AT&T has stepped in to help protect BT from losing international business customers to rival telecomm giant MCI Worldcom.
MCI Worldcom earlier this month outlined plans to entice international frame relay customers away from BT's Concert Communications Services - formerly a joint venture with MCI - by slashing its prices.
But AT&T hit back this week, announcing plans to sell international business communications services, including frame relay, ATM and Internet services, in partnership with Concert, under the newly created AT&T Concert brand.
The AT&T Concert alliance is a forerunner to the $11 billion alliance announced by BT and AT&T in July, and now under the scrutiny of regulators. The carriers plan to integrate their network facilities and roll-out an IP based network connecting 100 cities around the world.
AT&T Concert will sell six new services - frame relay, ATM, Internet, virtual private networks, virtual network services and call centre services. The companies said they want to provide a single source of international communications services for multinational companies.
"Our decision is in line with our global strategy," said AT&T chief executive Robert Annunziata, during a news teleconference. "Coinciding with, but not contingent upon the goals of the AT&T, BT venture."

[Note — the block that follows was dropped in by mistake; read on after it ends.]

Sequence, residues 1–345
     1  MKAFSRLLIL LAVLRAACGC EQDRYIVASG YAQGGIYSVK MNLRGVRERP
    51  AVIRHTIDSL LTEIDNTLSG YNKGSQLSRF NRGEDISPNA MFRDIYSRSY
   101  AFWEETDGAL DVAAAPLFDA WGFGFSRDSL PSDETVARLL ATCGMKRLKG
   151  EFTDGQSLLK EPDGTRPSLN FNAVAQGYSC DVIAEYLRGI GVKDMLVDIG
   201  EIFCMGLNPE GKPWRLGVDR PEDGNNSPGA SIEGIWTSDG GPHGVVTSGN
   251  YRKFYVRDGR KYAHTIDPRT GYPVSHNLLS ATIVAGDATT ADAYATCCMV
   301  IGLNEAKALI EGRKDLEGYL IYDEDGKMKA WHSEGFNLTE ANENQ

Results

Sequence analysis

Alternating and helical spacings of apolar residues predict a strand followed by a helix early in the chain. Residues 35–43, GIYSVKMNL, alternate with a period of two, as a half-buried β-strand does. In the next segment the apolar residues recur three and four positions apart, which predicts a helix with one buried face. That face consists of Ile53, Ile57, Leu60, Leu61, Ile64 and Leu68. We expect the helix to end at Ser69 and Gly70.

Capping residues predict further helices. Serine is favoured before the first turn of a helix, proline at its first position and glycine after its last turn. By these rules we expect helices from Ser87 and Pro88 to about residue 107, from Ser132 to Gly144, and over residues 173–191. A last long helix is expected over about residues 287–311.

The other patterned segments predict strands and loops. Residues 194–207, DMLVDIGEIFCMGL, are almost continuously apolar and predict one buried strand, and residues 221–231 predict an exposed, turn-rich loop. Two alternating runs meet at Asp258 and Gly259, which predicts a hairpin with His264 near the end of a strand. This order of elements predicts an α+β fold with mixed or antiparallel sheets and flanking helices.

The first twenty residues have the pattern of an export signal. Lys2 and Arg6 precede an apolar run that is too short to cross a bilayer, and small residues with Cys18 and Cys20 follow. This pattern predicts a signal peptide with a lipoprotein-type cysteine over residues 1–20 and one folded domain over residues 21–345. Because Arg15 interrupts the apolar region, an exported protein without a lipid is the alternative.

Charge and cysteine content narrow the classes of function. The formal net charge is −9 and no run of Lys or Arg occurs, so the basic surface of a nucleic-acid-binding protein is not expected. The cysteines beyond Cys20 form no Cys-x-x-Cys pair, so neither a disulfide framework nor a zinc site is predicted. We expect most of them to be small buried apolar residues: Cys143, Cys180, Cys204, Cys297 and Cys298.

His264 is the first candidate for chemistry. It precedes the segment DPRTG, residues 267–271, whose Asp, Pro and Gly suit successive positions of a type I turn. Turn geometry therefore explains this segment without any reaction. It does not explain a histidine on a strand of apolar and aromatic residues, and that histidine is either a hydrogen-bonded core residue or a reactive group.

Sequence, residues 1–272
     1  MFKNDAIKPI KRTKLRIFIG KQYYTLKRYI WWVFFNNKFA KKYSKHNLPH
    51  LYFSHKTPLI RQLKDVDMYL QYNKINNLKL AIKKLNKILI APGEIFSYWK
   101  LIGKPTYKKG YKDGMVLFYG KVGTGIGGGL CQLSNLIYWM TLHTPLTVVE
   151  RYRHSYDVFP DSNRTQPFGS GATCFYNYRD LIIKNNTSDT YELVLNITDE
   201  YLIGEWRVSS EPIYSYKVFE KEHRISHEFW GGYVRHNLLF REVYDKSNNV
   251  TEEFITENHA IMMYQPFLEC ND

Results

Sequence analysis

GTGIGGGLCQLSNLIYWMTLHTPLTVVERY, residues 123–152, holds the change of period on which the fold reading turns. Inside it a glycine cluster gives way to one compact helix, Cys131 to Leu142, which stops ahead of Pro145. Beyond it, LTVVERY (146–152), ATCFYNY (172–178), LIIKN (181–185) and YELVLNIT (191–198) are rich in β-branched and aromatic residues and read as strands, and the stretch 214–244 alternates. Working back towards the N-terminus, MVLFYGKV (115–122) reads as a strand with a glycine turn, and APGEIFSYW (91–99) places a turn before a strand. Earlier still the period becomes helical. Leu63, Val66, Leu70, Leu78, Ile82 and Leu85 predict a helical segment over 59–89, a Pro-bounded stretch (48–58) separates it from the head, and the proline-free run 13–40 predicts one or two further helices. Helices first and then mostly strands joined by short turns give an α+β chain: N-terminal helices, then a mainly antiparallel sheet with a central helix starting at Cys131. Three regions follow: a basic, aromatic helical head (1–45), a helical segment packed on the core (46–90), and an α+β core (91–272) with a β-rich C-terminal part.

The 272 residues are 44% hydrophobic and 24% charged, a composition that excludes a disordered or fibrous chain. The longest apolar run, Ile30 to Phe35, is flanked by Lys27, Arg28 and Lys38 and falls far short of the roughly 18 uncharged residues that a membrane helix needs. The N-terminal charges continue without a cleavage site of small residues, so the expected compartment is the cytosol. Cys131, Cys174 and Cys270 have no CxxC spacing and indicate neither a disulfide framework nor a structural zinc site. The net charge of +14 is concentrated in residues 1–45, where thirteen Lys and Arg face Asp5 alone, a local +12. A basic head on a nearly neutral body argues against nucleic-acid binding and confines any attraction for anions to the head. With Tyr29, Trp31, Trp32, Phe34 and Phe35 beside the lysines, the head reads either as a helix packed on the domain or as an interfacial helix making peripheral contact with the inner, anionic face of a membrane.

All of AT&T's business sales staff will be used to sell the service, including an additional 1,000 new recruits, Annunziata said. "We've taken a look at getting more aggressive and getting more feet on the street with more account executives," he said.
BT gained full control of Concert after buying out MCI's 20 per cent stake. MCI merged with Worldcom earlier this year after merger talks with BT collapsed.
However, under existing service agreements, MCI Worldcom will continue to serve Concert customers for the next two years. These customers will continue to receive guaranteed service levels, Concert chief executive Peter Manning said.
Ceres, located in the asteroid belt, has a carbonaceous-rich upper crust, SwRI study claims
The spacecraft found traces of hydrogen and oxygen molecules, known as hydroxyls, embedded in the rocky surface of the asteroid
The skeleton was unearthed more than 20 years ago in South Africa
Moon's dark side is mountainous, rugged and never visible from the Earth